Safety inspectors put Berkshire nuclear weapons factory under special measures for fourth year running

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AWE Nuclear Licensed Site

The factory where the UK's nuclear weapons are manufactured will require "an enhanced level of regulatory attention" for the fourth year running because of a failure to improve safety performance, says the government's nuclear safety regulator.

The Atomic Weapons Establishment (AWE) Aldermaston is one of a number of Ministry of Defence (MoD) nuclear sites scheduled for enhanced attention, due to shortages of skilled personnel, ageing plant, and delays in building new facilities.

AWE Aldermaston is listed as a safety priority in an assessment published by the Office for Nuclear Regulator (ONR) as part of its Annual Report for 2015/16. There are 36 nuclear sites in the UK and Aldermaston is one of only seven which will require an increased level of regulation from ONR over the year ahead. AWE's other nuclear site, Burghfield has also been added to the enhanced regulation list this year, meaning that safety issues at the site have increased.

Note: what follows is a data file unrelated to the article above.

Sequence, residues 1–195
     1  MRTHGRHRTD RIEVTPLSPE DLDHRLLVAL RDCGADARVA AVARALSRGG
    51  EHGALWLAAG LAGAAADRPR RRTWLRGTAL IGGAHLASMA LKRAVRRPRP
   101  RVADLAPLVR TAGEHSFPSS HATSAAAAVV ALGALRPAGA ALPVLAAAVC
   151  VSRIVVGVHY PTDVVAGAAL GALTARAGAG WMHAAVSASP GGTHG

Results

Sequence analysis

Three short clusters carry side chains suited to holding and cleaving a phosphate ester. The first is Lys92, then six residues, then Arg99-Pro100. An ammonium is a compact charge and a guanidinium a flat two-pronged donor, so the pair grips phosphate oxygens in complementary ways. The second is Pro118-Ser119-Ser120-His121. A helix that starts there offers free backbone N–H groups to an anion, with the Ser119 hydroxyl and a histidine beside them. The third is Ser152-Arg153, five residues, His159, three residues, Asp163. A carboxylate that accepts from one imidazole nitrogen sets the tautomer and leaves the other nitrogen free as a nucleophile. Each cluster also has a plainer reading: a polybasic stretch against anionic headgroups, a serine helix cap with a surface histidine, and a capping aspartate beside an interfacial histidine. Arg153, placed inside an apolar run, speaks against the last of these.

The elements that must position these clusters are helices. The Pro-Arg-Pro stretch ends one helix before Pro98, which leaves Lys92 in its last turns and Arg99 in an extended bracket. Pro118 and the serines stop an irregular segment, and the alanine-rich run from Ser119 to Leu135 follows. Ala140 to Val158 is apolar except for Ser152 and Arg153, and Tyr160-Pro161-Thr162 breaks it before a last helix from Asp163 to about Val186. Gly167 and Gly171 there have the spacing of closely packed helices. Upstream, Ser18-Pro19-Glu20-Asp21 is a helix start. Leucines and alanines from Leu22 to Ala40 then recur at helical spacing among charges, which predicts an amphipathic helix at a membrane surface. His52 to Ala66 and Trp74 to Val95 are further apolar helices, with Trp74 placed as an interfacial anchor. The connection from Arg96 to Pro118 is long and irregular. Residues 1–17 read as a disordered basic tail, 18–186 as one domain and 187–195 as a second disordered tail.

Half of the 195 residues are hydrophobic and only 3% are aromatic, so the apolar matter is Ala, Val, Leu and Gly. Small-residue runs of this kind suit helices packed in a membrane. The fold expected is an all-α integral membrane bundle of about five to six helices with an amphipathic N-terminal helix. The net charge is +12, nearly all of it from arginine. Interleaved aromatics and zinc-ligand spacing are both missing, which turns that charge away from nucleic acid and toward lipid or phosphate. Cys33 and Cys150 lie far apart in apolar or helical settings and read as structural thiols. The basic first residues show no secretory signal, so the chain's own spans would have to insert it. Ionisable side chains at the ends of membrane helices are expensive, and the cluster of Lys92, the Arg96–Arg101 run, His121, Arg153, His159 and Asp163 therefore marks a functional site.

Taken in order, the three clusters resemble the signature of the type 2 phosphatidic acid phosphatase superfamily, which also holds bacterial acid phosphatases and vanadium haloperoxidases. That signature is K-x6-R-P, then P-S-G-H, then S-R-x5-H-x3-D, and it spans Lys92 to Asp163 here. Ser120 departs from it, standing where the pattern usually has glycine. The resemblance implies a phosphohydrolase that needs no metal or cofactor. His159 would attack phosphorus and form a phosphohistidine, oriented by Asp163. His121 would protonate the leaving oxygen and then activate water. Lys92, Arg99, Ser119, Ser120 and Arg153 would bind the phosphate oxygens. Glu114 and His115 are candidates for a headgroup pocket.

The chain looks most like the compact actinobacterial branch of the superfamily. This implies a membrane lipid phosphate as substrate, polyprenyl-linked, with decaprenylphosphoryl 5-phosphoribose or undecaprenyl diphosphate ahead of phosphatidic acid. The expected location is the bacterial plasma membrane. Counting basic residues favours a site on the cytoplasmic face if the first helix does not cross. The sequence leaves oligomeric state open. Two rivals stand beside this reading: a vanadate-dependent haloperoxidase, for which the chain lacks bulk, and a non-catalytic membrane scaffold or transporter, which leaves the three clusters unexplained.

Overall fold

AWE Aldermaston was first placed under special measures by ONR in 2013. At the time ONR stated that the sites were "expected to receive enhanced regulatory attention for around two years, as we anticipate the issues to be resolved during that time". However, AWE plc, the company that operates the site on behalf of the Ministry of Defence, has been unable to deliver the expected safety improvements.

The AWE Aldermaston site is currently the subject of an enforcement notice from ONR for failings over radioactive waste management, and because construction of new buildings necessary for improving safety standards is lagging behind schedule.

David Cullen of Nuclear Information Service said:   "The fact that Aldermaston has been under special measures for twice as long as originally intended shows that the company running AWE are simply not up to the job of running the site to meet the standards the regulator and the public expect.

"Plenty of money is being spent at AWE: last month Nuclear Information Service published a report which showed that £1 billion of public money is being spent at AWE every year. Instead of being spent to improve safety, this money is being spent on developing more powerful weapons of mass destruction.

"The Ministry of Defence (MOD) reviewed its contract with the company that runs AWE earlier this year, but unlike other failing nuclear contractors, the current company was allowed to remain in charge. The obvious conclusion is that the MOD is more interested in keeping costs low than removing a failing contractor and improving public safety. The company have been given years to improve safety standards but have failed miserably in doing so."

The full report can be found on the ONR website